|DX – Southern Hemisphere||Steve Kercel, AA4AK||Alexey Ogorodov, HC2AO|
|Clean Sweep – Not First, but Farthest||Dennis Egan, W1UE||Paul Newberry, N4PN|
|Golden Log – no errors||Jim Spears, N1NK||Dwight Orten, KM4FO|
|Top Club||Florida Contest Group||Tennessee Contest Group|
|New England – single operator||Yankee Clipper Contest Club||Martin Bayes, AA1ON|
|New England – single operator – low power||Dave Hoaglin, K1HT||Dave Clemons, K1VUT|
|New England – single operator – QRP||Blackstone Valley Amateur Radio Club||Dave LeDuc, N1IX|
|New England – mobile||Boston Amateur Radio Club||Jay Corriveau, NZ1U/m (W1UJ)|
|New England – mobile – rookie||Bob Raymond, WA1Z||Mill Moore, K1IB/m|
|New England – mobile – multi-single||Brian Szewczyk, NJ1F, in memory of James Szewczyk, WB1EYM||Bob Raymond, WA1Z/m (+K1GQ KM3T, oprs)|
|New England – County Expedition Award||Huckleberry Mountain Contest Club||MASSRADIO, WW1DX (AA1YW, KK1W, W1PY, N1FJ, WD1S, oprs)|
|New England – multi-single||Cheshire County DX ARC||Downeast Contesters & DXers – NE1QP (K1MK W1TO NJ1F, oprs)|
|New England – school club||Chris Terkla, N1XS||Middlebury College ARC, W1RMC (Zach Manganello, K1ZK, opr)|
|New England – single operator – CW only||Andy Bodony, K2LE||Al Rousseau, W1FJ|
|New England – single operator – SSB only||Fred Reed, KK1KW, and Woody Beckford, WW1WW||Dale Clement, AF1T|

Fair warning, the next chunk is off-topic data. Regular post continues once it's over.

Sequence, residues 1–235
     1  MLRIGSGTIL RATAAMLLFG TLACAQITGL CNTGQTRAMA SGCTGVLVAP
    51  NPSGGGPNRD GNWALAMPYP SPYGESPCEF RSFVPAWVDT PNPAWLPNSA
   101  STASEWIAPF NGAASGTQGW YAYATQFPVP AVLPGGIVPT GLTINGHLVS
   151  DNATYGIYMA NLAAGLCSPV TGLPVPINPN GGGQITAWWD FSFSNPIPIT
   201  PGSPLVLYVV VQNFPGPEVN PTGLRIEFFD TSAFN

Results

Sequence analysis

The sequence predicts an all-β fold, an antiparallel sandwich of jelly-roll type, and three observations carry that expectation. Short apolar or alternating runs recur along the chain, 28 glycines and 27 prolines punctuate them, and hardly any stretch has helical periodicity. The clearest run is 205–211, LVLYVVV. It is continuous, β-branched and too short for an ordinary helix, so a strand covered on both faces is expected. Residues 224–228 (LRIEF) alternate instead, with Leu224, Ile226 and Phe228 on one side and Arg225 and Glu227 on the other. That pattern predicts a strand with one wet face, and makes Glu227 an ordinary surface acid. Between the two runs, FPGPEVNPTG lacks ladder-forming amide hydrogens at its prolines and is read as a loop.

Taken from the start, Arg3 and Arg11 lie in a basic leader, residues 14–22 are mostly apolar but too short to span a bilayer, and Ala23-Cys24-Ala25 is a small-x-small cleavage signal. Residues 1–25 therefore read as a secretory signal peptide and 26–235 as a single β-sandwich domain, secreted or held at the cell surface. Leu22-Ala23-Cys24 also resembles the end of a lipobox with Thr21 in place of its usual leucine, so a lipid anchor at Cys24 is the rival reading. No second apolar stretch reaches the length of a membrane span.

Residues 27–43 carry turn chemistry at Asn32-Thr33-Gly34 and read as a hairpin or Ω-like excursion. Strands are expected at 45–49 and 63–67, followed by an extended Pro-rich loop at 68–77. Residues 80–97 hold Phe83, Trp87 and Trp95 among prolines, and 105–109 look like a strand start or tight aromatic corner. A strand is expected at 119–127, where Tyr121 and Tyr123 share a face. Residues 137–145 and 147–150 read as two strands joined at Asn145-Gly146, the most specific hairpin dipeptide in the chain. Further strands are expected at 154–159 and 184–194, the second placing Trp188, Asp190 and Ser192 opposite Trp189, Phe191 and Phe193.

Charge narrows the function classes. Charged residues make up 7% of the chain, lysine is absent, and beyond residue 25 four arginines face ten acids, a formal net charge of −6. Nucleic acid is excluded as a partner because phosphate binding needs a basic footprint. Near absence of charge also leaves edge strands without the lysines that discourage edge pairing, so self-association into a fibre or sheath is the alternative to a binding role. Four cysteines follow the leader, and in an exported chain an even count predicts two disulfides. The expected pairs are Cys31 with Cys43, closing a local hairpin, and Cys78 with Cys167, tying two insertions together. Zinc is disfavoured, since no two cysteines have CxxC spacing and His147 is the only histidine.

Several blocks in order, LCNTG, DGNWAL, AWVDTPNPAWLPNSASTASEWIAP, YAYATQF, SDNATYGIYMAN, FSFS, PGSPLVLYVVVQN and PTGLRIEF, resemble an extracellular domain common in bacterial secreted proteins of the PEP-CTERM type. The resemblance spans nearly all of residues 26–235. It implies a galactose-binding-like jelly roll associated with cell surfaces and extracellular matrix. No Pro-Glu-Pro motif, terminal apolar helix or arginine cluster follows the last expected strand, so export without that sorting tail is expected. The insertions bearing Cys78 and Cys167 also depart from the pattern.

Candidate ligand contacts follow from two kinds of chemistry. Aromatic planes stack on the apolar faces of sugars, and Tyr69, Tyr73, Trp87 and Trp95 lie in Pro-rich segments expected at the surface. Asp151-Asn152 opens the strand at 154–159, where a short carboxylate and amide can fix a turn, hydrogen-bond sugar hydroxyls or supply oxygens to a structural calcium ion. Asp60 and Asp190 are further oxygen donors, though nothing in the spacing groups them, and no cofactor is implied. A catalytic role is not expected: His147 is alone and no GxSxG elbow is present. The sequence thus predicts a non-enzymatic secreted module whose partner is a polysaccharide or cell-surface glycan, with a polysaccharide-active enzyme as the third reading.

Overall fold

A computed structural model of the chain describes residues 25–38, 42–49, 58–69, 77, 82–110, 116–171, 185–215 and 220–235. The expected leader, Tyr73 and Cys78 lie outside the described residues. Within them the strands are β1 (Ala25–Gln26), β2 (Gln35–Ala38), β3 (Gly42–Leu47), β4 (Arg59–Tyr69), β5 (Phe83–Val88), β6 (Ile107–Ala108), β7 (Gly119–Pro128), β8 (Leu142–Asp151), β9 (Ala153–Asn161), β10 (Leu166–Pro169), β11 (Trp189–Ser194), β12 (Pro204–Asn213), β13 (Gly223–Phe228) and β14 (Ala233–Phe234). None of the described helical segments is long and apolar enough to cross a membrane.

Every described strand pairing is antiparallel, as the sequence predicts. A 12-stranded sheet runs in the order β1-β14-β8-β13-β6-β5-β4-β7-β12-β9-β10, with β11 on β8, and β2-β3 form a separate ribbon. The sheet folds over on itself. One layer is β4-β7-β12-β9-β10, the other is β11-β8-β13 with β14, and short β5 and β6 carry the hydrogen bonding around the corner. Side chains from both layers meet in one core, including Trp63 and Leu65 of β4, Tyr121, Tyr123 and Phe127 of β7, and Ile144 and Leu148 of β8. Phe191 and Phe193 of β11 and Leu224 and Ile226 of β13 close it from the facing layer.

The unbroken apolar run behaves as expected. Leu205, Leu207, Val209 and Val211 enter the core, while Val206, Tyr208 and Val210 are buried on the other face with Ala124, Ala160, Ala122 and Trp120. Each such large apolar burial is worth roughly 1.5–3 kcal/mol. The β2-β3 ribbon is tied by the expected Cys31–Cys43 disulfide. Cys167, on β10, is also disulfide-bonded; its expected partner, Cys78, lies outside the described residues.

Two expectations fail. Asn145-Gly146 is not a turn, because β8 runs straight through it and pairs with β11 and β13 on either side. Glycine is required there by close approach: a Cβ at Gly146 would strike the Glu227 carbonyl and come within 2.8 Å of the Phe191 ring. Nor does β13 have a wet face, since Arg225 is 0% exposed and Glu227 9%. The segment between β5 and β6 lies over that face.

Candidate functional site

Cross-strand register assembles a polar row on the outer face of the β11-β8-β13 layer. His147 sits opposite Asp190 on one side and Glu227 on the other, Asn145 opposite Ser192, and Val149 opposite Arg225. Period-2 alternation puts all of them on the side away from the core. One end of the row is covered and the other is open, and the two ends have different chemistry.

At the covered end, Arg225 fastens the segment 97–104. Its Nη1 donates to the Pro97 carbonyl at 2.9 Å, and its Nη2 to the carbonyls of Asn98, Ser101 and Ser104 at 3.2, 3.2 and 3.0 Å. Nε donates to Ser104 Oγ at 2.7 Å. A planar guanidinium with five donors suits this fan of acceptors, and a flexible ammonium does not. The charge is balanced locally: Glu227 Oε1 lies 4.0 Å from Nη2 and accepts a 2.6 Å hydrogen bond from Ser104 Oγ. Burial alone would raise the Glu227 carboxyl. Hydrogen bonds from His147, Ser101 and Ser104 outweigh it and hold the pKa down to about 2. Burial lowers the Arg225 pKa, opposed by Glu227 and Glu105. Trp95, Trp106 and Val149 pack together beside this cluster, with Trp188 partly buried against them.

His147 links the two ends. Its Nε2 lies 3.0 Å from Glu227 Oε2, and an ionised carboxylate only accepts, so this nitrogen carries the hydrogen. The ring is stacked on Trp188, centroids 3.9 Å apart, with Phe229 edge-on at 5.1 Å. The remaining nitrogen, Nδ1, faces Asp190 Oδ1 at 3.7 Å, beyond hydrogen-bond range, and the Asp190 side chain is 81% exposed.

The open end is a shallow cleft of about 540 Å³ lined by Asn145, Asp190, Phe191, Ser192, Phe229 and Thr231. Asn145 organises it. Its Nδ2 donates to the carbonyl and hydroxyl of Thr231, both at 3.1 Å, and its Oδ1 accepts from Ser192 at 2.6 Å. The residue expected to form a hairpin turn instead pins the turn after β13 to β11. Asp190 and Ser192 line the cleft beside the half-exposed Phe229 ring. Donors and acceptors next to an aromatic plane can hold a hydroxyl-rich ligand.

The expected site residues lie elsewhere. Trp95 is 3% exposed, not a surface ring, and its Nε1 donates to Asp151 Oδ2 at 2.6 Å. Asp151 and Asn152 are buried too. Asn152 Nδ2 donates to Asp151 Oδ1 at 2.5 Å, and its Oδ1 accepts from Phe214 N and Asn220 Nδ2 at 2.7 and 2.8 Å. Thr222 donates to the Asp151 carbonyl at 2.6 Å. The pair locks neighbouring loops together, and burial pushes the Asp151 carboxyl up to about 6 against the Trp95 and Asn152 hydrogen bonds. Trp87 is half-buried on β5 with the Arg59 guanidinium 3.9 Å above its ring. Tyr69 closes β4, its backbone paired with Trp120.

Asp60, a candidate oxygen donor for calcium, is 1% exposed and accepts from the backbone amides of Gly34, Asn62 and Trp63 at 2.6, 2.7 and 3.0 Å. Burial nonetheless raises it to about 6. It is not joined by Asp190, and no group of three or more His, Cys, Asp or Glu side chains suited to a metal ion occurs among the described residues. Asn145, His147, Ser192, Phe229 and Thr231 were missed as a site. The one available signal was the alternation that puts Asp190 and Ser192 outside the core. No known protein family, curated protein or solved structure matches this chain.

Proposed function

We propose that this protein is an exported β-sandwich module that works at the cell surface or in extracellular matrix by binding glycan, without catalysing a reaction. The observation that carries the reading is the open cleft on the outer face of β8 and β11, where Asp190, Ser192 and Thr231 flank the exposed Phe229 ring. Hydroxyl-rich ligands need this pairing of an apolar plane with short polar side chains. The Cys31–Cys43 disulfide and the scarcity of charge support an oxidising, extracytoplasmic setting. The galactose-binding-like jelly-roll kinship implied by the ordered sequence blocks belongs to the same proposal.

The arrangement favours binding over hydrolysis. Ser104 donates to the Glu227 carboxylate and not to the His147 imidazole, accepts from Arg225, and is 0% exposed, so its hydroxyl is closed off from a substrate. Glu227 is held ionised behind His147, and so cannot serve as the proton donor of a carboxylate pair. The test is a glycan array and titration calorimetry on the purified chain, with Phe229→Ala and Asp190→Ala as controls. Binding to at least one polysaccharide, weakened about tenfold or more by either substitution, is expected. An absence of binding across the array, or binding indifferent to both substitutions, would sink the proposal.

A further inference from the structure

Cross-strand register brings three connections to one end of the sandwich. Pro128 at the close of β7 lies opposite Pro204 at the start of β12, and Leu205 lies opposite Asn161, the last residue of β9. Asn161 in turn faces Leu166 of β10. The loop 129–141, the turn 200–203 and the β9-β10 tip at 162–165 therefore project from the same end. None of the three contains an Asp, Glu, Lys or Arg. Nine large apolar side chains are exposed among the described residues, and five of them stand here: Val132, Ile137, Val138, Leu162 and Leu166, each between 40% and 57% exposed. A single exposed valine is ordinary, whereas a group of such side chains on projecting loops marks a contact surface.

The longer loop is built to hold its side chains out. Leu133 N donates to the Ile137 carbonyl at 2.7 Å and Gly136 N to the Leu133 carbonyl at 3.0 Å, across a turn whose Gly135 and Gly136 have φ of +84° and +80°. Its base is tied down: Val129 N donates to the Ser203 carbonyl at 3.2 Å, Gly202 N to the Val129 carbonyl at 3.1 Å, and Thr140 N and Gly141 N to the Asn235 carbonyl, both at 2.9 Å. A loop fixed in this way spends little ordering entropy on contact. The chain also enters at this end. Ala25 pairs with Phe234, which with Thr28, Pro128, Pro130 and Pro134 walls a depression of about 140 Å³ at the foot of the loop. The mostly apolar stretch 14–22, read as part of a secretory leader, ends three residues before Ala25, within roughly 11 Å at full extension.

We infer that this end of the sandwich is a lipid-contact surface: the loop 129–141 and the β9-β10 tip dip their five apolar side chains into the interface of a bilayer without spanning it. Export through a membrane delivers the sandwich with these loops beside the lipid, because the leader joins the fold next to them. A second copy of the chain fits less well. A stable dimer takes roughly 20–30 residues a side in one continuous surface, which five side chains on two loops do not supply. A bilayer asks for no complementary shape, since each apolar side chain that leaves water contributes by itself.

|Connecticut – single operator high power||Candlewood ARA||Dave Sumner, K1ZZI|
|Connecticut – single operator low power||Dick Pechie, KB1H, memorial sponsored by the Barnstormers (NZ1U)||Ed Shekleton, K1ZE|
|Maine – single operator||Larry Banks, W1DYJ||Joe Blinick, K1JB|
|Maine – single operator low power||Sue, K1RQ, and Brian Szewczyk, NJ1F, in memory of Dana Cobb, K1RQ||Rick Lindquist, WW1ME|
|Massachusetts – single operator||Framingham Amateur Radio Association||Martin Bayes, AA1ON|
|Massachusetts – single operator low power||Chuck Counselman, W1HIS||Chris Scibelli, NU1O|
|Massachusetts – Hampden County – single operator||Hampden County Radio Assn||Chris Scibelli, NU1O|
|New Hampshire – single operator||Tom Frenaye, K1KI||Dale Clement, AF1T|
|New Hampshire – single operator low power||Jim Poulette, WQ2H||Layne LaBaume, N1E (AE1N, opr)|